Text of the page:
Chicago Public Schools officials and the Chicago Teachers Union continued negotiating over the weekend about teachers and staff returning to schools for in-person learning.
Some 10,000 teachers were supposed to return to schools Monday to prepare for the Feb. 1 return of roughly 70,000 students in kindergarten through eighth grade.
The district announced Sunday it would push that return date to Wednesday in hopes of reaching a deal, after CTU members voted to continue remote learning over safety concerns.
On Monday afternoon, Mayor Lori Lightfoot said she hopes such a deal is close.
“In the course of this pandemic, there have never been any easy choices,” Lightfoot said. “I think in partnership with the CTU, if we come together in good faith, I have every confidence whatsoever that we will get something done that obviously protects their members, but also gives families the option, if it’s right for them, to be able to send their children back to in-person learning.”
In a letter to CPS families on Sunday, district leadership said it’s important to bring back students who are falling behind with remote learning.
“Students in over 130 private and parochial schools and over 2,000 early learning centers across the city have been safely learning in their classrooms since the fall … We are pursuing this return because local, state and federal health officials have made it clear that schools can operate safely with proper mitigations.”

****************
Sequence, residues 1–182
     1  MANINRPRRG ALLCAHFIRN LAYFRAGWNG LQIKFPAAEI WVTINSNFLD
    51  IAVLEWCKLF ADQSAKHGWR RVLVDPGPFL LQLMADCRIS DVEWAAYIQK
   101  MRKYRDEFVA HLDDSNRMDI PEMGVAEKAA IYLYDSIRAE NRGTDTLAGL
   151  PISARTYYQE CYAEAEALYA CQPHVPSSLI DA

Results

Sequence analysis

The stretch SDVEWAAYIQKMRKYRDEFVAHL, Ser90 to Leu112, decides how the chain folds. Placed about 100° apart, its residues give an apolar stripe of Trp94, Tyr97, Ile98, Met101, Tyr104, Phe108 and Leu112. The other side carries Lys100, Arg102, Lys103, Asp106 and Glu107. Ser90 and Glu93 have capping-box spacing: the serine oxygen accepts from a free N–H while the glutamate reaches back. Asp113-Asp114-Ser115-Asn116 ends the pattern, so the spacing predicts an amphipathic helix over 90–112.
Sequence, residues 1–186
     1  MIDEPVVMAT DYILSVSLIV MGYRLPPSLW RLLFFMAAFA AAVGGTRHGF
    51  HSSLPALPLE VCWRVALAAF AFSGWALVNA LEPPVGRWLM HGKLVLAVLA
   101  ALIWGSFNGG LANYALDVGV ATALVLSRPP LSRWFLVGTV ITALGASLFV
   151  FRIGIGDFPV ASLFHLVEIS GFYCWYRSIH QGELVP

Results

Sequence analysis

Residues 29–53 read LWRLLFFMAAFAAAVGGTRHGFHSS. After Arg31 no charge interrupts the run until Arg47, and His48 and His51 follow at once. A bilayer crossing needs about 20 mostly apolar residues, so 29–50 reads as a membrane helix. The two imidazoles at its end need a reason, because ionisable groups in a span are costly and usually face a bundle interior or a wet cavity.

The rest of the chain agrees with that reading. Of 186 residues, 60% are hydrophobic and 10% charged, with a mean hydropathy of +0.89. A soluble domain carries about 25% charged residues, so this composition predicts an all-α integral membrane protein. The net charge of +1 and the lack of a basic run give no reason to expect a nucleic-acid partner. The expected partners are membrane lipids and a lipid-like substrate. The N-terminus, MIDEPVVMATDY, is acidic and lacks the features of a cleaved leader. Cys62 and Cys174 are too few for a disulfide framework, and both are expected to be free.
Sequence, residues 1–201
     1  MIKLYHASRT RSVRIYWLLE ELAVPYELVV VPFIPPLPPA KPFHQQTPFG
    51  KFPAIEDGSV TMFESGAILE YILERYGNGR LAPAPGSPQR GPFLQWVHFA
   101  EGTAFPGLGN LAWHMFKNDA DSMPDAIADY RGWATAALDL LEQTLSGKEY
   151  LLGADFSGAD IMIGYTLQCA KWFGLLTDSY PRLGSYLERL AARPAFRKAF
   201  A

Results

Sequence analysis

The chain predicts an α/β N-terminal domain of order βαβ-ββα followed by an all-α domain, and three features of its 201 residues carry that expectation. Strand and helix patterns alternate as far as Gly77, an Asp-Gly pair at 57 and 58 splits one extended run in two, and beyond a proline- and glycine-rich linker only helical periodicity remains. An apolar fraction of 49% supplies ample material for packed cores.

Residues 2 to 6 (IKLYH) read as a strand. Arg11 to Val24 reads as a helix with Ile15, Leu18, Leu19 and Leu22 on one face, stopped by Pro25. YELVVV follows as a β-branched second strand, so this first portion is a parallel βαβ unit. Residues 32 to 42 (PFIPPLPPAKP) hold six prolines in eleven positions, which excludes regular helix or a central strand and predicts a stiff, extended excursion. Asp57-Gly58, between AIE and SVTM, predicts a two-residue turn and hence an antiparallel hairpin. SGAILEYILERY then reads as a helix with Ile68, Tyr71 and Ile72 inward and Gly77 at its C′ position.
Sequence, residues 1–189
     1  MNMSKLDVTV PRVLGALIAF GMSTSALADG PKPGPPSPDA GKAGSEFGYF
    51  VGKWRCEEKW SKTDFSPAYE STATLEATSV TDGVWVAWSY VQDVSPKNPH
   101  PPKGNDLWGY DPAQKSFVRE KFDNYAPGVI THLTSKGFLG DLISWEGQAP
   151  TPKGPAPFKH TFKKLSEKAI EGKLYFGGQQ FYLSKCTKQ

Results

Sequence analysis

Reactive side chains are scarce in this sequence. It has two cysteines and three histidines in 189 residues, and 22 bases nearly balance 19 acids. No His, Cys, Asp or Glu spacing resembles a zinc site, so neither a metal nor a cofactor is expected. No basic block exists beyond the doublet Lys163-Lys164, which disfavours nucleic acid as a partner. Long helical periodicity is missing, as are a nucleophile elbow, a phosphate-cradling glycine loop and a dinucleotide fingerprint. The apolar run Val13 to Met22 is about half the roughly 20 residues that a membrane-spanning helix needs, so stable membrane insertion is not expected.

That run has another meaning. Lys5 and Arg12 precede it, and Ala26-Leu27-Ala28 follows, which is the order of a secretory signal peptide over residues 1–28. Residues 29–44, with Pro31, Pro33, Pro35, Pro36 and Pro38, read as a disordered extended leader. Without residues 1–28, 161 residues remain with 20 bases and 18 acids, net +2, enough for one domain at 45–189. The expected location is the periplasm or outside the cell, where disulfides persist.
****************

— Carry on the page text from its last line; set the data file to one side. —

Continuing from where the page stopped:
Chicago Teachers Union Vice President Stacy Davis Gates said as Illinois moves into Phase 1B of vaccinations, a category that includes teachers, city leadership should prioritize CPS staff.
“We see in Deerfield and Skokie where the schools district has worked hand in hand with the health department to offer their educators the first crack at it. They see them as essential workers and they want to make sure that when they reopen schools that their workers have a decent amount of protection going back in. That’s not what we see here in Chicago,” Davis Gates said Monday on “Chicago Tonight.” “Our mayor’s in control of the health department as she is also in control of the school system. There should be a greater relationship between the two agencies to ensure a safe return to school buildings.”
Davis Gates said if the CTU and CPS can’t reach a deal, teachers who don’t show up for in-person learning won’t be striking – they’ll be locked out by the district.
“Our teachers have been very clear, our clinicians, our paraprofessionals: every single person in our union says that they want to serve our students,” Davis Gates said.